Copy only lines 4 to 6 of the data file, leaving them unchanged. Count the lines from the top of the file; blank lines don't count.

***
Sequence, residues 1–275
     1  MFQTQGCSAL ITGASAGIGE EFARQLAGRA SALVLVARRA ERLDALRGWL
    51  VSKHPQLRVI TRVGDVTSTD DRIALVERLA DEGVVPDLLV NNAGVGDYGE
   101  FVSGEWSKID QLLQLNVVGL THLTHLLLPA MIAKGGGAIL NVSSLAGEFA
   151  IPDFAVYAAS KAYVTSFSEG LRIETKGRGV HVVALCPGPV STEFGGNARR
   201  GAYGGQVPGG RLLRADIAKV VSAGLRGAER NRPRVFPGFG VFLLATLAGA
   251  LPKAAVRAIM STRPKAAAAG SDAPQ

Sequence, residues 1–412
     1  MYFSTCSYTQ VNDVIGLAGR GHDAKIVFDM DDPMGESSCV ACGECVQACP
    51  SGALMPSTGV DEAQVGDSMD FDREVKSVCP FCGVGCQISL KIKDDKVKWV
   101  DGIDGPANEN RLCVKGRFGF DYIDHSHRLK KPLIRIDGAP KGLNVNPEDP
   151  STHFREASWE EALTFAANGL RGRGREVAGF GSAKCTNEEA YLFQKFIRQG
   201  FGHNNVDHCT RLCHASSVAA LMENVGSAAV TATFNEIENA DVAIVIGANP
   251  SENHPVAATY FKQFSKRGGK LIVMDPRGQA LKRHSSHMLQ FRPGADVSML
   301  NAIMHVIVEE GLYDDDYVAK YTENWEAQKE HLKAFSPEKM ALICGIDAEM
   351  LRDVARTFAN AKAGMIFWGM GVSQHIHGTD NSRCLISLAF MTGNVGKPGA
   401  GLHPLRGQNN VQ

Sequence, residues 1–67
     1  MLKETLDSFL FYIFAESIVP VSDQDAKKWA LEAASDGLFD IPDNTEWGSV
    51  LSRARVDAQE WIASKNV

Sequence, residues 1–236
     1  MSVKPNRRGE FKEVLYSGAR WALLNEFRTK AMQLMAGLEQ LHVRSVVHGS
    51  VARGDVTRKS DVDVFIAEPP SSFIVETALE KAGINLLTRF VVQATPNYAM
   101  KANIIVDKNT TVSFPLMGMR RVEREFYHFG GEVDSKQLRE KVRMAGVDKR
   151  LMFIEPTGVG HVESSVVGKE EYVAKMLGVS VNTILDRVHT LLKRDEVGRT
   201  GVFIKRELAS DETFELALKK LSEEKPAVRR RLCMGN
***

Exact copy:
   101  FVSGEWSKID QLLQLNVVGL THLTHLLLPA MIAKGGGAIL NVSSLAGEFA
   151  IPDFAVYAAS KAYVTSFSEG LRIETKGRGV HVVALCPGPV STEFGGNARR
   201  GAYGGQVPGG RLLRADIAKV VSAGLRGAER NRPRVFPGFG VFLLATLAGA